Dazzlingly delightful and dizzyingly dexterous in La La Land, Emma Stone wowed audiences with her combined acting-dancing-singing abilities as Mia, an aspiring actor in L.A. given to thrilling outbursts of song and dance when love sparks fly between her and Sebastian (Ryan Gosling). For their incredible skills, Stone and Gosling will be the recipients of this year’s SBIFF Outstanding Performers of the Year Award. I spoke with Stone about La La Land, her character Mia, and what’s ahead.
Congrats on the SBIFF Outstanding Performer of the Year Award and the recent SAG honor. How does it feel, and did you expect all this praise? Oh god, of course not. It’s so exciting for all of us to be part of something so special, and such an amazing thing to be part of a movie that people seem to be responding to in such a positive way. It’s pretty rare. None of this was an expected outcome by any means.
The movie was so well-coordinated. What was the creation process like? Was it very collaborative? It was. Damien [Chazelle] was so open to collaboration from day one. It took me a while to really get emotionally onboard, so he was patient with that process and was listening to our ideas about character development and how it all would come together. He had such a vision on how to make this kind of thing cohesive. … It was so technical; it would have to be specific in so many ways and yet so natural, human, and alive in other ways. We were always trying to balance those two tones, and that was the most interesting thing to calibrate.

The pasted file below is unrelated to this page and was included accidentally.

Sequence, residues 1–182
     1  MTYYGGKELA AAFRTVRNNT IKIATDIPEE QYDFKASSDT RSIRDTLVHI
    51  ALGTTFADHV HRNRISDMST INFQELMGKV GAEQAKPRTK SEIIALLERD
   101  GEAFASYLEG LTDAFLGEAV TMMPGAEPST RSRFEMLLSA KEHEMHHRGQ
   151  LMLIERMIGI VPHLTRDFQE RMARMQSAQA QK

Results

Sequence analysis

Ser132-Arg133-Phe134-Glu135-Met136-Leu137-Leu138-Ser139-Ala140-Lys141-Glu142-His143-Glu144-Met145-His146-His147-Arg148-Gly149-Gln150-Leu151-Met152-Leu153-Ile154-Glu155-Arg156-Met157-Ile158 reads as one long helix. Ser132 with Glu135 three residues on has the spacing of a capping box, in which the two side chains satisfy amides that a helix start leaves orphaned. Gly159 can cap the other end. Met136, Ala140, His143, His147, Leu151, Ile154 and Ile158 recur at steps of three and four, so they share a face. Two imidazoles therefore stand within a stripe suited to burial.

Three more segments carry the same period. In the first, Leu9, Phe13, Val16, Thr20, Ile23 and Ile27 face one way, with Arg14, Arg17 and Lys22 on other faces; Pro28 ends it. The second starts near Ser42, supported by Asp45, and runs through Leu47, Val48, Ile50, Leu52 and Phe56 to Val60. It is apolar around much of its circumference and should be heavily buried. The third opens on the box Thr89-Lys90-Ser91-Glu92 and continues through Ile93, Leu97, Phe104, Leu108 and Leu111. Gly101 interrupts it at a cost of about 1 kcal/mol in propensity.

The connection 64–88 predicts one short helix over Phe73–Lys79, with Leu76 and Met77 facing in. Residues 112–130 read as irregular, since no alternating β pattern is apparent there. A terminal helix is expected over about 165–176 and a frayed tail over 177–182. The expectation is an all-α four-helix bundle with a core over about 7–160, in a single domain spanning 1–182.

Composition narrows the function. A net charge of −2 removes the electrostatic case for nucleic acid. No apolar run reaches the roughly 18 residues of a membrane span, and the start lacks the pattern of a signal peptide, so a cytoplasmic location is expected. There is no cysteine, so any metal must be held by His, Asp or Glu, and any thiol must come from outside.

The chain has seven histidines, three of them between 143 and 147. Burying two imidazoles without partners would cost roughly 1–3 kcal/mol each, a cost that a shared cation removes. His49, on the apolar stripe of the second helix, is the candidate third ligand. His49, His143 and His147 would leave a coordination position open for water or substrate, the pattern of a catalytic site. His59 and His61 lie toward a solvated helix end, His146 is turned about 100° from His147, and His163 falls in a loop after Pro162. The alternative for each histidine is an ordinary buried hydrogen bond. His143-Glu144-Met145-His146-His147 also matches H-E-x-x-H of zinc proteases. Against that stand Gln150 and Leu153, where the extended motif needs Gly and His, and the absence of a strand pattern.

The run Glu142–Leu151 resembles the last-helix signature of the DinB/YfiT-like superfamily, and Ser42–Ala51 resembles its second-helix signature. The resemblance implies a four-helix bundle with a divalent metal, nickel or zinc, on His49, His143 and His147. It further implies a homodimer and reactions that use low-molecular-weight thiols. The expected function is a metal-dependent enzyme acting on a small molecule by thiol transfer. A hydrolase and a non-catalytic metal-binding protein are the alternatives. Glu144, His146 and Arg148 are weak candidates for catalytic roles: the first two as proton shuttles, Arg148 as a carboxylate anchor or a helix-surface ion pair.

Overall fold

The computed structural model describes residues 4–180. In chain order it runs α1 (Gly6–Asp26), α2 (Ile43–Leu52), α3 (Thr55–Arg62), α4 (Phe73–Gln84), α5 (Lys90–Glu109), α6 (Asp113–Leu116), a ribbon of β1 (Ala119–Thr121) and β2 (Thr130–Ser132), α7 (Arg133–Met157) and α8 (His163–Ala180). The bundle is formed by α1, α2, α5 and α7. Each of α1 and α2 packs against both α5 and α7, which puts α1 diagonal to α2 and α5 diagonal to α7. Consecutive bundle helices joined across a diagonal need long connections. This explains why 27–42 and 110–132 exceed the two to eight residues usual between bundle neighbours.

Your character Mia endures a lot of rejection. Could you relate to that side of her, and how have you dealt with rejection? I relate to Mia in many, many ways. I had about three years of very similar auditioning experiences when I first moved to L.A. I was 15 and trying out as a high schooler, and there’s a huge life shift when you’re in your late twenties, from being a wide-eyed teenager who can’t even really conceptualize failure in that moment to someone like Mia. She lives with and sits with these feelings of failure on a daily basis; that feeling is very present for her. She has more maturity than I had at 15 . … It’s just sort of the ups and downs of an industry like this, or of just making creative projects. Some turn out, some don’t, some can be a bit soul-crushing to be creating, and there’s an ever-evolving relationship to things like rejection or failure.
Both Birdman and La La Land are cinema about cinema. Is there a special appeal to you for these movies about movies? I definitely do see that. It’s definitely connected, but it didn’t feel that way to me at the time. With Birdman, I was drawn to working with Alejandro [Iñárritu] and sort of the darkness of that comedy and the ambition of that way of shooting it, and what was happening with my character in that movie. Then with Damien’s, the draws were pretty obvious. I hadn’t even associated that connection until I was already working on La La Land, and thought, “How interesting.” So it was totally different draws, and that’s kind of a happy accident.
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